May 2005
Volume 46, Issue 13
Free
ARVO Annual Meeting Abstract  |   May 2005
Development and Initial Characterization of the Aldh1a1(–/–)/Aldh3a1(–/–) Double Knockout Mice
Author Affiliations & Notes
  • N. Lassen
    Department of Pharmaceutical Sciences, University of Colorado Health Sciences Center, Denver, CO
  • W. Black
    Department of Pharmaceutical Sciences, University of Colorado Health Sciences Center, Denver, CO
  • D.W. Nees
    Laboratory of Molecular and Developmental Biology, National Eye Institute, Bethesda, MD
  • J. Piatigorsky
    Laboratory of Molecular and Developmental Biology, National Eye Institute, Bethesda, MD
  • G. Duester
    Developmental Biology Program, Burnham Institute, La Jolla, CA
  • V. Vasiliou
    Department of Pharmaceutical Sciences, University of Colorado Health Sciences Center, Denver, CO
  • Footnotes
    Commercial Relationships  N. Lassen, None; W. Black, None; D.W. Nees, None; J. Piatigorsky, None; G. Duester, None; V. Vasiliou, None.
  • Footnotes
    Support  NEI Grant 11490
Investigative Ophthalmology & Visual Science May 2005, Vol.46, 3620. doi:
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      N. Lassen, W. Black, D.W. Nees, J. Piatigorsky, G. Duester, V. Vasiliou; Development and Initial Characterization of the Aldh1a1(–/–)/Aldh3a1(–/–) Double Knockout Mice . Invest. Ophthalmol. Vis. Sci. 2005;46(13):3620.

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      © ARVO (1962-2015); The Authors (2016-present)

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Abstract

Abstract: : Purpose: Mammalian cornea expresses ALDH3A1 and/or ALDH1A1 at high concentrations, whereas lens is characterized by the expression of mainly ALDH1A1. Aldh3a1 and Aldh1a1 transgenic single knockouts have no apparent developmental abnormalities. However, both mouse lines are prone to UVR–induced oxidative damage in the eye, thus supporting our hypothesis that these two proteins protect the ocular tissue against UVR–induced injury. To further investigate this hypothesis, we sought to generate and characterize an Aldh1a1/Aldh3a1 double knockout mouse line. Methods: Aldh1a1(–/–)/Aldh3a1(–/–) mice were generated by crossbreeding the Aldh1a1(–/–) and Aldh3a1(–/–) single knockouts. Corneal and lens transparency were evaluated in these mice by slit lamp microscopy. To characterize any compensation caused by the lack of both ALDHs in these mice, the expression of enzymes involved in 4–hydroxynonenal metabolism (alcohol dehydrogenase, aldose reductase and glutathione S–trasnferase), antioxidants (catalase and Cu–Zn superoxide dismutase), and other corneal crystallins (transketolase) was examined in the lens and the cornea by Western blot analysis. Results: The double–mutant mouse line was obtained in the F2 generation and the genotypes were examined by Southern blot and/or PCR analysis of genomic DNA. Aldh1a1/Aldh3a1–deficient mice were viable and fertile with no apparent corneal or lens abnormalities. The lack of ALDH1A1 or ALDH3A1 protein expression was confirmed by silver staining and immunoblot analyses. No compensation was observed in the expression of the 4–hydroxynonenal metabolizing enzymes or antioxidants in the cornea or lens of Aldh1a1(–/–)/Aldh3a1(–/–) mice. Conclusions: The double knockout mouse line described here provides a valuable animal model to study the combined roles of ALDH1A1 and ALDH3A1 in the physiology and pathophysiology of the eye.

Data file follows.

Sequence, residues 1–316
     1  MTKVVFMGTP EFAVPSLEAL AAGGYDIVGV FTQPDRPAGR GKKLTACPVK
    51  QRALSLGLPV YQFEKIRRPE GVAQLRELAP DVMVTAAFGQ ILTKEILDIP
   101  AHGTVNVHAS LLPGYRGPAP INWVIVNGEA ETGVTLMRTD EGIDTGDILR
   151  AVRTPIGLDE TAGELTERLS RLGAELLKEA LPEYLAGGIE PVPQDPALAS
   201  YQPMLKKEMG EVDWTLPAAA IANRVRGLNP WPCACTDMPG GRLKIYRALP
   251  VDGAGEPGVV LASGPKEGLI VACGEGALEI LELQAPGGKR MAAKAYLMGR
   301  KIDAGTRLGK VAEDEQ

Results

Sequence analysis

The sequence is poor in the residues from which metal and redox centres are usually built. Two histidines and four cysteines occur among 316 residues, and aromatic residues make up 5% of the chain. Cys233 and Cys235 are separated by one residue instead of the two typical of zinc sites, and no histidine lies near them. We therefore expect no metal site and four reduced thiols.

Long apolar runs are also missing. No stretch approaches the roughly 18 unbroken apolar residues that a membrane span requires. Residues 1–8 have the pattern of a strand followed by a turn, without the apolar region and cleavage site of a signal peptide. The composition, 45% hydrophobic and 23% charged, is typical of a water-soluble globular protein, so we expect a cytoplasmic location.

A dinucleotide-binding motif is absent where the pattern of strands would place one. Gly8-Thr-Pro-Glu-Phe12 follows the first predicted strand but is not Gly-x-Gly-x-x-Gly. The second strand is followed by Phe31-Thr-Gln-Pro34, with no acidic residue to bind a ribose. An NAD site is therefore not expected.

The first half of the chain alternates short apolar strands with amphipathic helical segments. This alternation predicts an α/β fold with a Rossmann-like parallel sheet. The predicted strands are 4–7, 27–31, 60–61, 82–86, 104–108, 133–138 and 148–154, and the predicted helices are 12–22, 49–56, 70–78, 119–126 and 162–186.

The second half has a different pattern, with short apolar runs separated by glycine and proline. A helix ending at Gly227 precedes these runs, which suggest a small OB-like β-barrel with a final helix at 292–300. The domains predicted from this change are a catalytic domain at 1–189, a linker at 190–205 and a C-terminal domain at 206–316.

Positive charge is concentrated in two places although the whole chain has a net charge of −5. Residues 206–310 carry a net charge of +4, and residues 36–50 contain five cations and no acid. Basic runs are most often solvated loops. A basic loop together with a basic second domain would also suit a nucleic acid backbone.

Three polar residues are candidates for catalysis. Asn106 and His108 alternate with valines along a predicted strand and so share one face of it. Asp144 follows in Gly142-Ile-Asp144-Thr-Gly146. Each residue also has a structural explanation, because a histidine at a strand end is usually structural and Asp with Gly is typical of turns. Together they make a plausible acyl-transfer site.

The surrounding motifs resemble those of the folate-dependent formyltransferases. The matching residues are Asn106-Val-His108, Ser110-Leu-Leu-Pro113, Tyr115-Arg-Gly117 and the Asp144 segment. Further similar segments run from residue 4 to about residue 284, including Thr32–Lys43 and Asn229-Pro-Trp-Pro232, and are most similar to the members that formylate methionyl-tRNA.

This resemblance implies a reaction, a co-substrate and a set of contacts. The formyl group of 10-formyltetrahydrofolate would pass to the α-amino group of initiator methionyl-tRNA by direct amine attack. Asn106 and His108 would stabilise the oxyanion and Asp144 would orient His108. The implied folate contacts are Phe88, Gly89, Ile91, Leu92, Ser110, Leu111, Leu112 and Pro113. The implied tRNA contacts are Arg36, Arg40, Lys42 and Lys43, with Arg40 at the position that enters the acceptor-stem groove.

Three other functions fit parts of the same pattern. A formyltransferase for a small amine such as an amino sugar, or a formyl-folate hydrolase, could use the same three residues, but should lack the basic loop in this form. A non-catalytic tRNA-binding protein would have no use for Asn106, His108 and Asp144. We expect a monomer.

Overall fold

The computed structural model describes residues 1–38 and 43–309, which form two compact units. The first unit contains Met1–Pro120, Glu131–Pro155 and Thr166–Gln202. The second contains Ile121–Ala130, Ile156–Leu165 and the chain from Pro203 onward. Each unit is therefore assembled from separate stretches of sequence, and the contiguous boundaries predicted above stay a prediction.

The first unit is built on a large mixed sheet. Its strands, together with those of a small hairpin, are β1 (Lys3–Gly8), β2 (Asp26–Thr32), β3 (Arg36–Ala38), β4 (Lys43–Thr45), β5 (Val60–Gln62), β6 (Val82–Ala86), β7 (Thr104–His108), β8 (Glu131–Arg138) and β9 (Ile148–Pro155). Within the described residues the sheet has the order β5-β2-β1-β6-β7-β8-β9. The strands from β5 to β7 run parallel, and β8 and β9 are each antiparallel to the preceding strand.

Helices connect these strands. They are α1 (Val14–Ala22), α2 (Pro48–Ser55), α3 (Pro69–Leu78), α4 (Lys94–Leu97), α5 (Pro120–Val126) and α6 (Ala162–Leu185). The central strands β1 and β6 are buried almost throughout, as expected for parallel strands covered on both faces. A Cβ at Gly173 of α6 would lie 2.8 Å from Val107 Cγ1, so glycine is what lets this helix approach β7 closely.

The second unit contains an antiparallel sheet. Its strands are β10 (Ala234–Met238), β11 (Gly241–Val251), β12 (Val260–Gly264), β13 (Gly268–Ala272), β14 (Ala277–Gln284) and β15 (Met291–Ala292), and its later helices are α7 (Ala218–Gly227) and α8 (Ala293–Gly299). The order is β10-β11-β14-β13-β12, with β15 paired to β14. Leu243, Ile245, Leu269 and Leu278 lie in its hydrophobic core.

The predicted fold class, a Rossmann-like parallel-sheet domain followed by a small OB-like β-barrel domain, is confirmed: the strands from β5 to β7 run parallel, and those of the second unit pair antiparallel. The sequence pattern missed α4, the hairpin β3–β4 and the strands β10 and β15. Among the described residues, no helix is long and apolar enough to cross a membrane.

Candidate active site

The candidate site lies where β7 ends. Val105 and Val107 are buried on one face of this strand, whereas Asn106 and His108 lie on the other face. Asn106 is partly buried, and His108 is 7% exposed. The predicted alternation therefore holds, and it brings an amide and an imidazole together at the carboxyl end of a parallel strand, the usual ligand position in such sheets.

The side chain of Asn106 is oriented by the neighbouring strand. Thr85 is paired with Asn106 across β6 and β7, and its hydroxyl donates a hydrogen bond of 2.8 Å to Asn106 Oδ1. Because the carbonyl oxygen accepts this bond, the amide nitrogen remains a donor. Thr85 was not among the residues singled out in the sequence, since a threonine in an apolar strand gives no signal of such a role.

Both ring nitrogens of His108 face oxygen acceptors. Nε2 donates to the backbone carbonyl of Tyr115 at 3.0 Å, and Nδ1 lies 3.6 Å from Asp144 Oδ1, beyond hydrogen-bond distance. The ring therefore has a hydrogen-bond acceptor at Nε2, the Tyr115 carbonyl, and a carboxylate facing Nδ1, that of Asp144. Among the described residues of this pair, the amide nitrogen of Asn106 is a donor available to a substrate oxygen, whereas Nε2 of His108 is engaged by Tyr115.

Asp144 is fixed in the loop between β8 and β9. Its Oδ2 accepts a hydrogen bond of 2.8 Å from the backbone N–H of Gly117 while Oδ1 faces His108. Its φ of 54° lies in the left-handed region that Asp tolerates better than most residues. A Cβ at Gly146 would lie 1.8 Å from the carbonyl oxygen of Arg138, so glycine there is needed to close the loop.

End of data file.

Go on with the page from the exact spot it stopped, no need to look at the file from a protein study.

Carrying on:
Keywords: cornea: epithelium • genetics • transgenics/knock-outs 
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